The Importance of Hiding Success on a Competitive Network

Aug 7th

Brendon Sinclair, one of my leading affiliates, mentioned Ugg Boots in his review of SEO Book. Today I got a blog comment spam for Ugg Boots. Last week a guy stole a friend's site. This week another person stole the same site, then was stupid enough to comment spam the sister blog supporting the site. One of the reasons it is hard to give specific examples of successful SEO is that the landscape is ever-changing, but another equally important reason is that some ideas only remains successful because few people know about them. There are far more entrepreneurs than there are successful entrepreneurs. As a well known SEO (or insert your field here), if you mention your sites publicly you run the following risks

  • search engineer thinking that it must be spam because you own it, without even considering site quality (if you doubt that, read Matt Cutts comment about shoot-on-sight)

  • asshats cloning your sites, then spamming you to promote their copy of your site
  • larger players with older domains, more authority, and more money hiring staff or paying consultants to clone the best portions of your site and outrank you

I have probably been a bit naive with my worldview, but business is exceptionally dirty, so it is best to keep your sites out of the limelight unless they are nearly impossible to knock down. Competitive research tools are making it faster and easier for competitors to find you, but there is no reason to go out of your way to let Google AdSense pay people to steal your content.

Published: August 7, 2007

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Comments

August 7, 2007 - 10:37am

I totally agree, theres the best kept secrets, golden nuggets of info that i let slip to colleagues (Hi Stu), then magically theyre posting a revelation on their blogs and getting notoriety for my hard earned knowledge then BAM the techniques i use are spammed to fek and the playing field is set to level again :(

i love my competitive advantages

Nick The Geek
August 7, 2007 - 11:24am

Completely and totally agree.

Unfortunately, when you're naturally a generous person, you want to help people out and sometimes it backfires on you ...

The last time this happened to me, a friend of mine just said "No good favour goes unpunished!"

I have that printed out and stuck above my desk along with "First Rule of Fight Club ...." to remind me to think before opening my gob!

August 7, 2007 - 4:10pm

Excellent advice Aaron. As a newbie to SEO, I started with your book, and after learning the right method to do SEO as a 'white hat', I experienced some 'black hatters' exploiting what I had done, and it wasn't until I learned some of their 'black hat' techniques that I was able to turn the tables on them and use their tactics against them. I think as Nietzsche once said "that which does not kill you makes you stronger"
:)

August 7, 2007 - 4:37pm

Nick said it, I don't even tell my boss exactly what I do to get the results I get, he probably thinks I call Google and ask them nicely. I have to keep job security in mind as well as not giving too much information to competitors.

And if you have an SOE blog, it is hard to write posts that people want to read without giving your "advanced SEO" tactics. People will only read so much about keyword research and development.

August 7, 2007 - 5:54pm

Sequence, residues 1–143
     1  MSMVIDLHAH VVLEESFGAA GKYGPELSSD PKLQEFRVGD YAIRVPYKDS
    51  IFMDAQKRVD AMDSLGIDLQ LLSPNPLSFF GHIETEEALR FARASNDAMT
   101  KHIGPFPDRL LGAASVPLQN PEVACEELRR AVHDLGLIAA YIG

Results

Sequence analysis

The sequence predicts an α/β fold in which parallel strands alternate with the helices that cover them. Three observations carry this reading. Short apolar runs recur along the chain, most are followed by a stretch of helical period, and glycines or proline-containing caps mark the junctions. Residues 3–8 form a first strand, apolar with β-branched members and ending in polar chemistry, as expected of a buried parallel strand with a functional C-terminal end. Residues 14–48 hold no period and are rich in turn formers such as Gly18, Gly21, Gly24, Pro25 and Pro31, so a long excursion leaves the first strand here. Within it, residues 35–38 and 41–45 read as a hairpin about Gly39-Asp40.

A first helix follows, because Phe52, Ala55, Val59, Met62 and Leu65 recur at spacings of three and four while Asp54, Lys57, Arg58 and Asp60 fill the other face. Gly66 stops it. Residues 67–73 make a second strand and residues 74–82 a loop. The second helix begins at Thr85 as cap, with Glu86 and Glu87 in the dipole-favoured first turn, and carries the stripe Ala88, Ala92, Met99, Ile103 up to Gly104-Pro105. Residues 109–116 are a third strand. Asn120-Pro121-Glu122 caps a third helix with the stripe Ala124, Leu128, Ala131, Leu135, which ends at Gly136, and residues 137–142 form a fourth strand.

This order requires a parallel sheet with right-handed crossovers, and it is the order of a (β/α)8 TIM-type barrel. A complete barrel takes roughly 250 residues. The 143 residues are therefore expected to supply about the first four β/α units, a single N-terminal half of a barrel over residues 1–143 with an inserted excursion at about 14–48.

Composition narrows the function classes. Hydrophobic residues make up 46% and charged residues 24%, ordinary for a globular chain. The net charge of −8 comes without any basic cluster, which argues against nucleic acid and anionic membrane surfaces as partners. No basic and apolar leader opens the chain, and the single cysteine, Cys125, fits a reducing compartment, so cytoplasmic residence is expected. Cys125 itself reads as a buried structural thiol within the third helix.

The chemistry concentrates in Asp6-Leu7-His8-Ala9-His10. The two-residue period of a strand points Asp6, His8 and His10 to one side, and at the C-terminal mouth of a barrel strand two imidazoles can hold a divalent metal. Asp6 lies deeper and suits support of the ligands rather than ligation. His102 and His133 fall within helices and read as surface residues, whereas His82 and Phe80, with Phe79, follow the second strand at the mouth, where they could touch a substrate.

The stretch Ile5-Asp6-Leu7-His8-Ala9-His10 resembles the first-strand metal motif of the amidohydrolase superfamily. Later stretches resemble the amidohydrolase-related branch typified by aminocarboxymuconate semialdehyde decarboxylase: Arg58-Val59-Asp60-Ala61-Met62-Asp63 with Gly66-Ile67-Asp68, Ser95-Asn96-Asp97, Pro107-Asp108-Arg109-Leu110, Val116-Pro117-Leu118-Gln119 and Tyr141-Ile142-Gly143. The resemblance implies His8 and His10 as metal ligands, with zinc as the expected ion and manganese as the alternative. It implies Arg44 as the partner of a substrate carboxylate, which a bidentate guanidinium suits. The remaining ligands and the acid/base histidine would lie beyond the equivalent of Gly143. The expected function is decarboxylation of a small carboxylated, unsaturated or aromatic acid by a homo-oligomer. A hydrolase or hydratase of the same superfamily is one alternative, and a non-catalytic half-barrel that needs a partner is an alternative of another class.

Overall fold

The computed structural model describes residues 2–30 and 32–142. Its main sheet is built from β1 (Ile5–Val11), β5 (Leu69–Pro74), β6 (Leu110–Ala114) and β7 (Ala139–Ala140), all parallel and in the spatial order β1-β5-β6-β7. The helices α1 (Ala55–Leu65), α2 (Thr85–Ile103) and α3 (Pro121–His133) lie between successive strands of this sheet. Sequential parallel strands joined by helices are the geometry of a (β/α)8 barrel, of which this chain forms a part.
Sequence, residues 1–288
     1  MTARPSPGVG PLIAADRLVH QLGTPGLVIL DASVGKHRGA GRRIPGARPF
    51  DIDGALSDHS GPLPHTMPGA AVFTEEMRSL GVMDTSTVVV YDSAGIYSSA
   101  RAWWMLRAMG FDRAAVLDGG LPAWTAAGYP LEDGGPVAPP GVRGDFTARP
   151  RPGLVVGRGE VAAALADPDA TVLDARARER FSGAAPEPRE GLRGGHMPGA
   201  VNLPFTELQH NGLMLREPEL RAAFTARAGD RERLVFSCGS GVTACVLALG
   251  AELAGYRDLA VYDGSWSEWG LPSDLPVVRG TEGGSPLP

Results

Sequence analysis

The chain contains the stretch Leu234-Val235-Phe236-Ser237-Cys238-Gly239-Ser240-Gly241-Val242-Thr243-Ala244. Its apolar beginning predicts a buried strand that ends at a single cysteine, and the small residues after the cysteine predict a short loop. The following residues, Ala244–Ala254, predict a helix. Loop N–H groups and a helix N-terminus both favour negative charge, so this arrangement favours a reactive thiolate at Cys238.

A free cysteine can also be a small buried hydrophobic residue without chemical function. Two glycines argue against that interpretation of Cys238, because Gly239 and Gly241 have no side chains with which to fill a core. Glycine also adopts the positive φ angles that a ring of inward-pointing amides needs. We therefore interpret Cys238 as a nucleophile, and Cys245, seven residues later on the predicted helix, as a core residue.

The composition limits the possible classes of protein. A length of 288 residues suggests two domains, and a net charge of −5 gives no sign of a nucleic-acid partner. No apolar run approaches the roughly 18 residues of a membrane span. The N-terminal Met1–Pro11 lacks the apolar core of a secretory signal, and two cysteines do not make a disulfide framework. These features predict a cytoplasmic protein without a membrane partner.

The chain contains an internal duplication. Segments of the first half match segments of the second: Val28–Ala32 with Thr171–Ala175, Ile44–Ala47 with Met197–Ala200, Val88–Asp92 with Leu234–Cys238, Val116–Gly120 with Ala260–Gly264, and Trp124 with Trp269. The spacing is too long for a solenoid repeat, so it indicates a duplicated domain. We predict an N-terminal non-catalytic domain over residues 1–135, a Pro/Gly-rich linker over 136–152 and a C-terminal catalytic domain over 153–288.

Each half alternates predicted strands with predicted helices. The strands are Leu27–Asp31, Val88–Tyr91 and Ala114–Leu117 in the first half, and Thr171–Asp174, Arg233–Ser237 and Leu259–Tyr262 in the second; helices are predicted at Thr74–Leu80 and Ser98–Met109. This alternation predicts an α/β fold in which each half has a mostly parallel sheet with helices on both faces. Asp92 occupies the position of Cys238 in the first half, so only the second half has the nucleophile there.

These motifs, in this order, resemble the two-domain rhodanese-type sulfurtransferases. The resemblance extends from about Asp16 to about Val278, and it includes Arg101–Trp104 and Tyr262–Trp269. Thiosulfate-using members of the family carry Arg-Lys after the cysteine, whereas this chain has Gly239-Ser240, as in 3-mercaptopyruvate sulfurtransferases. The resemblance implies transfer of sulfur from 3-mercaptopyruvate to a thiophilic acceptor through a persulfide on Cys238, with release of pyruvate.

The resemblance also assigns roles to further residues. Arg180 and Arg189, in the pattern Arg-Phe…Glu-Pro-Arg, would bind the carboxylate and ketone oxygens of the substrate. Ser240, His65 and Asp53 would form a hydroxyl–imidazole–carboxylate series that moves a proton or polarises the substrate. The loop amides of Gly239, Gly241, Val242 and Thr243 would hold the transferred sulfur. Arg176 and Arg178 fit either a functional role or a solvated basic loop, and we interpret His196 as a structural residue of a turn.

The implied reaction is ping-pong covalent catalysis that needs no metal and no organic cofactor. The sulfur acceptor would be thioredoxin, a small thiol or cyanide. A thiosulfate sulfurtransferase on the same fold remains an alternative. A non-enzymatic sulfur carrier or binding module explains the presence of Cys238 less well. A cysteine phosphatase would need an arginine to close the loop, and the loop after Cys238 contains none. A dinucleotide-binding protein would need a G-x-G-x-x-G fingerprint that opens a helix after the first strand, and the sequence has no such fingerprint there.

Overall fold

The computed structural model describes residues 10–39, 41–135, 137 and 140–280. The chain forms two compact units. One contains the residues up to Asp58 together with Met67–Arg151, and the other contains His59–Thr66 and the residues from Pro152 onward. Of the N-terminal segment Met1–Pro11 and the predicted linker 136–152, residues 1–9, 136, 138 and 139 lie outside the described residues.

i have actually faced both sides of this thought.... once i made something really interesting , and tried keeping it hidden from limelight - as u have mentioned. but as fate would have had it ...... my competition, and already built something simmilar and promoted the shit out of his while i was still thinking of making mine with even better features.

Stephane
August 7, 2007 - 7:04pm

Does this means that reading your blog or buying your book is a waste of time and money?

If I understand this correctly, it means that you write useless stuff about SEO and you keep the real and good tricks for yourself. Is that right?

I thought that the first golden rule to succeed on the web was to write useful content. I guess I was wrong.

August 7, 2007 - 8:05pm

Excellent post that I totally agree with.

Especially when SEO is concerned, I fully believe that some of the best kept "secrets" are just that - secrets. Why would the top dogs give them away when they could continue to cash in with less competition?

That being said, useful content will always reign supreme in my book. Grab loyal readers one at a time.

August 7, 2007 - 8:31pm

If I understand this correctly, it means that you write useless stuff about SEO and you keep the real and good tricks for yourself. Is that right?

If I don't give specific examples of my sites, such that people can steal my work and content then everything I do must be useless. How absurd is that?

August 7, 2007 - 9:07pm

I've probably been a little to cavalry with my success stories on blogs and forums. But then again, how would I build up a name for myself as someone that has been successful and knows what he's doing? Maybe that's the trade-off. You might lose a couple of niches, but you gain authority status and that in-turn results in more business in other parts of your life.

August 8, 2007 - 2:37pm

I had a friend (my wife's boss) ask once if he could talk with me about starting a website. He wanted to know if I could offer any tips or advice for someone just getting started.

I made the mistake of showing him some of my sites as examples.

Flash to 6 months later, my wife (thru google) accidently stumbled across this guys new network of sites.... All clones of my sites. He even used the same logo design, just slightly different name.

So if a "friend" will do this.... Imagine what the anonymous masses can and will do.

August 8, 2007 - 2:44pm

@ Stephanie

Don't be so dramatic, Stephanie. Aaron has lots of useful content. :)

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